In light of the recent wave of sexual harassment allegations against powerful men in politics, Hollywood and several other professional spaces, the 17-year-old actress asked Clinton if she regretted not speaking up when Donald Trump followed her onstage during the second presidential debate last year.
"I knew he'd be desperate because the 'Access Hollywood' tapes had just came out where he basically confesses to sexual assault," the former Secretary of State explained. "So I said, we have to be calm and I maintained my composure.
"But afterwards, I thought about that, and what would have happened if I spun around and said, 'You love to intimidate women, but back up you creep!' I think it would have been really satisfying. But I also think given the way women are covered...they would have said she can't take it...or we don't want an angry woman in the Oval Office."
She continued by warning the young women about the unequal playing field that currently exist and the need for them to help change the status quo.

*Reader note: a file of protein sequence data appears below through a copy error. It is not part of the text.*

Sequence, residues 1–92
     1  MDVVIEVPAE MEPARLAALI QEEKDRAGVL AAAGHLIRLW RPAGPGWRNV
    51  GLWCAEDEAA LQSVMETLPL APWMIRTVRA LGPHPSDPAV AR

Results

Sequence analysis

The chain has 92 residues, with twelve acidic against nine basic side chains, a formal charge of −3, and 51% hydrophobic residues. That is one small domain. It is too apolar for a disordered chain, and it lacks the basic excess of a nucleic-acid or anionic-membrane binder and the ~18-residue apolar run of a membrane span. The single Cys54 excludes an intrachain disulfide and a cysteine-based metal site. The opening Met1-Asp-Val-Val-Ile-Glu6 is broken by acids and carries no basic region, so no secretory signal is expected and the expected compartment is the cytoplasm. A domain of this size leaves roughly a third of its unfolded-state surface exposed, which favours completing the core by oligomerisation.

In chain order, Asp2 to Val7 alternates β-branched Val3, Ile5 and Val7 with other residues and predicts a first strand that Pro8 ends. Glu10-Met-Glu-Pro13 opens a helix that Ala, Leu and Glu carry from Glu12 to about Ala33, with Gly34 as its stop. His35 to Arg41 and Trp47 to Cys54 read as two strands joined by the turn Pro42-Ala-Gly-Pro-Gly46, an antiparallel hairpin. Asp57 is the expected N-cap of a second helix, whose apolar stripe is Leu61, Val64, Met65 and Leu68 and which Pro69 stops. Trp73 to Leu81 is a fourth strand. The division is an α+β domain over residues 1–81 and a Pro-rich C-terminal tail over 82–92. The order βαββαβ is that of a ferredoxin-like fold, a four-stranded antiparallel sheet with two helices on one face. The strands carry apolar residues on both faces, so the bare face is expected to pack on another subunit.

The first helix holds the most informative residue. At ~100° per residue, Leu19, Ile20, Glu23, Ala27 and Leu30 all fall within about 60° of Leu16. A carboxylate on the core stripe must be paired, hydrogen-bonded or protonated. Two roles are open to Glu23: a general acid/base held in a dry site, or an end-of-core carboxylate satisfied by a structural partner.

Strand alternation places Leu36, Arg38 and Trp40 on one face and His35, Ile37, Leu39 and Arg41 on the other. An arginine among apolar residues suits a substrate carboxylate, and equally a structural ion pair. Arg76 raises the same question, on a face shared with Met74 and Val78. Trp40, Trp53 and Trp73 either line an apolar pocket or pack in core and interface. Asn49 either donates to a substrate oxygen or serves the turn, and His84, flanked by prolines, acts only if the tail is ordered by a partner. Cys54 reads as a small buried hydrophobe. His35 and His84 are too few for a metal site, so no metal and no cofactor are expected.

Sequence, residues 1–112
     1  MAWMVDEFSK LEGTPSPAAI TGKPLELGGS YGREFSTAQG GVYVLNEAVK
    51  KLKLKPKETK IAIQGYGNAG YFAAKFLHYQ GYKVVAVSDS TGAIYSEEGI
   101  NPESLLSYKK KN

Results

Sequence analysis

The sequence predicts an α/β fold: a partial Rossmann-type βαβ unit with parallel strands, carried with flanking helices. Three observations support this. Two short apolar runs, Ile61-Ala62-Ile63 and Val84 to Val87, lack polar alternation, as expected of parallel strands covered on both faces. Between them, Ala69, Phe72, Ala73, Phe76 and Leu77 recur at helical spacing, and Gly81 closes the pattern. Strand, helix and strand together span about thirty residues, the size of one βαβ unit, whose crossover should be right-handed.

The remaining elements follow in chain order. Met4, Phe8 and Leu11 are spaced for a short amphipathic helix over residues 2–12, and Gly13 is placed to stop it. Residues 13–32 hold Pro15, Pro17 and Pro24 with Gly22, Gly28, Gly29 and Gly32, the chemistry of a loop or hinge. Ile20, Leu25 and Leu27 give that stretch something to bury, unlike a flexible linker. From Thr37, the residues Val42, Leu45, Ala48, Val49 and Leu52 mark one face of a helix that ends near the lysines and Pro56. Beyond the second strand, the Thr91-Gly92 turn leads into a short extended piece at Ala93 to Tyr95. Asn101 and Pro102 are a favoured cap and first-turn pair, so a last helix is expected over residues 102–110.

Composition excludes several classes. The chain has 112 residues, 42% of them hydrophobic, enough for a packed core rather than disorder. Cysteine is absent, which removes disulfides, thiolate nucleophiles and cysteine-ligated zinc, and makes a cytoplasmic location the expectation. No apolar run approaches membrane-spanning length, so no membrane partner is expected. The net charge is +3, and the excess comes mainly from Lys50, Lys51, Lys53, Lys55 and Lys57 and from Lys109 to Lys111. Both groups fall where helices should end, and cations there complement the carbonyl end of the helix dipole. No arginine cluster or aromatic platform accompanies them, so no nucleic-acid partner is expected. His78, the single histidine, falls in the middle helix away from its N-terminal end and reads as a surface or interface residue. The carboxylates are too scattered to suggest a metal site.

"We have to make it not only safe for women, we have to make it possible for us to express a full range of human emotion…without being so negatively judged," she said. "Remember when he called me a 'nasty woman?' All of that stuff he did didn't end up hurting him that much because men are given a much broader range of emotions to demonstrate their authentic feelings."
Clinton's appearance at the Teen Vogue Summit was one of her latest book tour appearances for "What Happened." In the book she addresses details of her presidential campaign, the discomforting moments she felt while running against Trump and the advice Facebook COO Sheryl Sandberg gave her about the sexism she would face.
Talking to the audience about her first-hand encounters with gender bias, Clinton advised the young leaders to "be part of the changing culture, so it's not viewed as disqualifying if you're standing up for yourself and speaking up for yourself."
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